As they say, Caesar’s wife must be above suspicion (did you know Caesar divorced his wife in 62 BC). What is the point of having a security device, inspecting your crucial traffic, if it can’t be trusted? You need to put in devices/ a solution that not only makes claims by the vendor “claiming” to be secure, but also has the certifications to back it up. This means a third party validation agency should have tested this solution and certified this to be kosher enough for an enterprise, data center or cloud location. This certification must include FIPS 140-2 Level 3, CC EAL 4+, DOD PKI, STIG vulnerability tested, NIST SP 800-21, and support for HSM, etc. The validation must come from recognized authorities, not just from the vendor.

2.       Support for multiple protocols

When you are looking to protect your data, it is imperative that you choose a solution that not just does the http/ https/ SOAP, JOSN, AJAX and REST protocols. In addition, you need to consider whether the solution supports all standard protocols known to enterprise/ cloud, “Legacy” protocols such as JMS, MQ, EMS, FTP, TCP/IP (and secure versions of all of the above) and JDBC. More importantly, you also need to look at if the solution can speak industry standard protocols natively such as SWIFT, ACORD, FIX, HL-7, MLLP, etc. You also need to look at whether or not the solution has the capabilities to extension options in order to support custom protocols that you might have. In other words, the solution you are looking at should give you the flexibility of inspecting your ingress and egress traffic regardless of how your traffic flows.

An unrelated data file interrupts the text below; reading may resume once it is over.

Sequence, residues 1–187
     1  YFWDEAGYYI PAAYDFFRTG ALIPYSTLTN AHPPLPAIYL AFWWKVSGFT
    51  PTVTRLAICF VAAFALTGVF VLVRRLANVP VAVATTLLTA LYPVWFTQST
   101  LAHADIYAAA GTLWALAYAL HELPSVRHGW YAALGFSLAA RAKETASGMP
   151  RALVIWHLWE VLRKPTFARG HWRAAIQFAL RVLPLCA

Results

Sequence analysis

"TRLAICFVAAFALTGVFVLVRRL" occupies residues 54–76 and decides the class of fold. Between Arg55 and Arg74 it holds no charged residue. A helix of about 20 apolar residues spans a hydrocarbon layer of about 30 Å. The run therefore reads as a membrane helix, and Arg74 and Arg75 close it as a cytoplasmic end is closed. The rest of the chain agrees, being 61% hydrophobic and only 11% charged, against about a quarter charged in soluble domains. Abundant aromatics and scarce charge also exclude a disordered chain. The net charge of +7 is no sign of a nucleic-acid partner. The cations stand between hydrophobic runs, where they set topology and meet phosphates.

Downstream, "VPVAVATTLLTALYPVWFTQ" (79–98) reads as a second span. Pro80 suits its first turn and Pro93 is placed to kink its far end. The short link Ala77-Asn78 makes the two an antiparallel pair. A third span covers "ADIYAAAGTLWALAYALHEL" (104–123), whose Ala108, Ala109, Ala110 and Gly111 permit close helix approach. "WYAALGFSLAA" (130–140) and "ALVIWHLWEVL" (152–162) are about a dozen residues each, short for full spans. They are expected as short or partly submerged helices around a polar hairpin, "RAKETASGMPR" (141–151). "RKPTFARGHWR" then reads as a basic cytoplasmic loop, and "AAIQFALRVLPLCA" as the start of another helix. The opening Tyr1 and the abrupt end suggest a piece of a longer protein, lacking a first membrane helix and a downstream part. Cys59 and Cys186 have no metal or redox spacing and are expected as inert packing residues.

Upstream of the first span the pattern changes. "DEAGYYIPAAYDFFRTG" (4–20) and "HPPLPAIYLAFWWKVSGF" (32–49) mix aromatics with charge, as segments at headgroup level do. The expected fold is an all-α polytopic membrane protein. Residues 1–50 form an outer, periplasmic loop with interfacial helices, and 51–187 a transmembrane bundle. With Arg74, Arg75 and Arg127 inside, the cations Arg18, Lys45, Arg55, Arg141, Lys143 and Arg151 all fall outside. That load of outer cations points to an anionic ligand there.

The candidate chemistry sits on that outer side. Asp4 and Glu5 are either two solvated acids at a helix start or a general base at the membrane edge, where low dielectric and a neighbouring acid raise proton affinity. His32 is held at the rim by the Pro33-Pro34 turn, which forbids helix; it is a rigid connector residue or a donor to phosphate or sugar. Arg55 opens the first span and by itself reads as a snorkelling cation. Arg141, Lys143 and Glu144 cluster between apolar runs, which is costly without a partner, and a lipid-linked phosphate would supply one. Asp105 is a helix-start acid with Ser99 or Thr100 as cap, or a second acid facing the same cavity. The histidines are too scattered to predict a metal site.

3.       Able to read into anything

This is an interesting concept. I was listening to one of our competitor’s webcast and there came this dreaded question: How do you help me protect against a specific format of data that I transact with a partner?Without hesitation, the presenter answered it suggesting they don’t support it. While I am not trying to pick on them, the point is that you should have the capability to be able to look into any format of data that is flowing into, or out of, your system when the necessity arises. This will mean that you should be able to inspect not only XML, SOAP, JSON, and other modern format messages,but also the solution should be able to retrofit your existing legacy systems to provide the same level of support. Message formats such as COBOL (oh yes, we will be doing a Y10K on this alright), ASCII, Binary, EBCDIC, and other unstructured data streams as equally important as well. Sprinkle in the industry format messages such as SWIFT, NACHA, HIPAA, HL7, EDI, ACORD, EDIFACT, FIX, FpML to make the scenario interesting. But don’t forget our good old messages that can be sent in conventional ways such as MS Word, MS Excel, PDF, PostScript and good old HTML, etc. You need a solution that can look into any of these data types and help you protect the data in those messages seamlessly.